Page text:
“We oppose the backward and reactionary direction towards a looser instead of a closer Union, towards a more national instead of post-national Europe. Europe has been yet again abducted – by a coalition of national politicians. It is time to bring her back. We believe that this is not the moment for Europe to slow down further integration, but on the contrary to accelerate it. The history of the European Union has proven that more Europe, not less, is the answer to the problems we face. Only with European solutions and a renewed European spirit will we be able to tackle the worldwide challenges”. 
The countries of the European South are not only sharing common problems. The wealth of our social and cultural traditions is an invaluable added value to the struggle to bring Europe back. 

Angelos Athanasopoulos, Political Correspondent, To Vima

The dilemma between austerity and growth is in front of our eyes every single day. What has been done to overcome it? Nothing at all. Why is that? Because the governments and the European institutions prefer the big words instead of concrete actions. Growth should stop being an abstract idea and turn to specific strategies and practices. This can take place only via a "bottom - top approach" and not the other way round. The societies of Southern European countries need to start communicating, identifying common goals and pursue them. Civil society groups, organized on grass roots method instead on the traditional "through political parties" method, can achieve that. It will mostly be a task for the next generation to take the initiative, if she wants to live in a Europe of social cohesion and prosperity and not in a Europe of social discontent and misery.

Taking the reins

João Ribeiro, International Secretary of the Socialist Party (P.S.), Portugal.

As a matter of fact, it is true there is a growing divide between north and south when we consider job creation, economic resilience and revenues distribution. It is also an historic fact that it was always like that. The difference is that the notable dividing line is geographically higher...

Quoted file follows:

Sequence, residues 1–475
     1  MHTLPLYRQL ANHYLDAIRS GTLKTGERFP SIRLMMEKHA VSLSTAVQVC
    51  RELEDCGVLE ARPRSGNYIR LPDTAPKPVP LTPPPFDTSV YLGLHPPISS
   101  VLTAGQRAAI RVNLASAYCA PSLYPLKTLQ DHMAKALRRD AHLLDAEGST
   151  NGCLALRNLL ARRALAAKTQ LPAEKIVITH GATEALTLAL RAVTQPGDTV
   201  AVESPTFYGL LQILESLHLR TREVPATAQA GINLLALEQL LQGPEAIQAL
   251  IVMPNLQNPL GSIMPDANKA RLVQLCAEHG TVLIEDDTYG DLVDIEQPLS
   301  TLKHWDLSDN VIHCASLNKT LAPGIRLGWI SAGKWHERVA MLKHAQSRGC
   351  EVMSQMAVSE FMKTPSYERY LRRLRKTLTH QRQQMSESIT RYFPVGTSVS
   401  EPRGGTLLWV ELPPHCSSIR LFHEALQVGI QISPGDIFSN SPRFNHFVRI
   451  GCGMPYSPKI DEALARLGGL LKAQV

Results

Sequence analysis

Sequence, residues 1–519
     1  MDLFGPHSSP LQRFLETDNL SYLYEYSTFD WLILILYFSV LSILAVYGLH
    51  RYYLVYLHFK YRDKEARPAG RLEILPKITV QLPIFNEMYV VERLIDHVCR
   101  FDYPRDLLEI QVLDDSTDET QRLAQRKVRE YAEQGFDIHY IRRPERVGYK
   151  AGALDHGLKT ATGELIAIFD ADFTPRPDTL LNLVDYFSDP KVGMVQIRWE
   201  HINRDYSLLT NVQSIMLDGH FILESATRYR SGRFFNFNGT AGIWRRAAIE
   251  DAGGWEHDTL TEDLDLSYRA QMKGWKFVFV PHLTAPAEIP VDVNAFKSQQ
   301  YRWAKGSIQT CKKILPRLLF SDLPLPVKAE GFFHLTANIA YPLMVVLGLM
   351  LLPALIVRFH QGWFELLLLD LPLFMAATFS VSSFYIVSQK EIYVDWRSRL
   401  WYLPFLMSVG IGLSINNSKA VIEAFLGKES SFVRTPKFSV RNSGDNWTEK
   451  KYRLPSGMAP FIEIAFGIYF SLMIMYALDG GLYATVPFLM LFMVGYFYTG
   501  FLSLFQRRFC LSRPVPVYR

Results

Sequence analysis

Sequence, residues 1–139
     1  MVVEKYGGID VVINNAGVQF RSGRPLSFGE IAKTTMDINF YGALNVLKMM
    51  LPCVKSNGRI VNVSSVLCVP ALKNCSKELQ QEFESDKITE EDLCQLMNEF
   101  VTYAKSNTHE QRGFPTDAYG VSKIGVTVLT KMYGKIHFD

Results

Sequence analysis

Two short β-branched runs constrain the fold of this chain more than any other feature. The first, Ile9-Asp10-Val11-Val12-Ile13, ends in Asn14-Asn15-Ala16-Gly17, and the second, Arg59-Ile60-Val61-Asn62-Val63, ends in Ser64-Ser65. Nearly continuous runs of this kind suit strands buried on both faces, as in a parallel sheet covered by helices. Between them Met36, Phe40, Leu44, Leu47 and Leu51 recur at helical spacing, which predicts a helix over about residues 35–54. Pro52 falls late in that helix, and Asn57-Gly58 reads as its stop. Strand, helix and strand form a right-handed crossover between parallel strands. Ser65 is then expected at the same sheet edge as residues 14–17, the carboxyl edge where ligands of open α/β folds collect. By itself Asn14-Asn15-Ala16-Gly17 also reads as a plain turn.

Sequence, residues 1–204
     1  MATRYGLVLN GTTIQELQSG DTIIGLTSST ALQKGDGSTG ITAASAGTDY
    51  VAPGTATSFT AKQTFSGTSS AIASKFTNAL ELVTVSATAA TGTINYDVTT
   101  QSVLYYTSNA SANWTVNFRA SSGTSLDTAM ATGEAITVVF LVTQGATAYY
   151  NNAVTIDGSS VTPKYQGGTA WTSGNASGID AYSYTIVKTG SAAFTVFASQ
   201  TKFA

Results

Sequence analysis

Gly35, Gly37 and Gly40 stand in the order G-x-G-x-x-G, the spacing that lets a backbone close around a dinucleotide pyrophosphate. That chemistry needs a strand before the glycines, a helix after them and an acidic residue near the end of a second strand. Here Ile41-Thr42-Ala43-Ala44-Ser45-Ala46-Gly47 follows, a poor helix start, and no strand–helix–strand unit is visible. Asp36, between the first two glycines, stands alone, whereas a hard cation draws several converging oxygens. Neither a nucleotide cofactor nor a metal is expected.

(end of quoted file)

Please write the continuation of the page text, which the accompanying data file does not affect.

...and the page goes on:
When countries face structural crisis, dangerous divisions grow between them and also within them, making fertile all fear-motivated political proposals, like nationalisms and xenophobia, including social xenophobia. In principle, any "exclusion agenda" is to be fought by progressive forces. As a Portuguese thinker once said, where injustice lays is where socialism must be and no exclusion is progressive. That said, we face a significantly growing generation confrontation. The sense that one generation was successful on building on their own and to themselves a welfare state that is compromising present generations’ access to prosperity needs to be argued, without forgetting actual problems that need to be bluntly faced. I would say that, more than a generation moral confrontation, what we have is a generation of elites’ moral confrontation. The vast majority of the peoples were not aware or informed on the consequences of their political choices and of the democratic dynamics favored by certain agendas. But the economic and political elites should have been aware. 
Also something to be considered is that all generations faced their own challenges. In my country, previous generations faced almost 50 years of fascist dictatorship (that started with a most acclaimed finance minister called to deal with a financial crisis in the 20's, becoming afterwards head of the government - Salazar), massive emigration in the 50's and the 60's to rebuild Europe, a long lasting barely known colonial war, the democratic revolution in the 70's and its challenging and ideological transition, the return of one million people from the colonies, the EU accession in the 80's, the Euro accession in the 90's and now the financial and eurozone crisis. 
Dividing between north and south or between previous and current generations only serves the conservative forces and the divisive ideologies. It fuels a moral approach. All of that helps to hide the reality, to mask the structural forces of the crisis (national and european) and the true responsibilities of the crisis (national and European).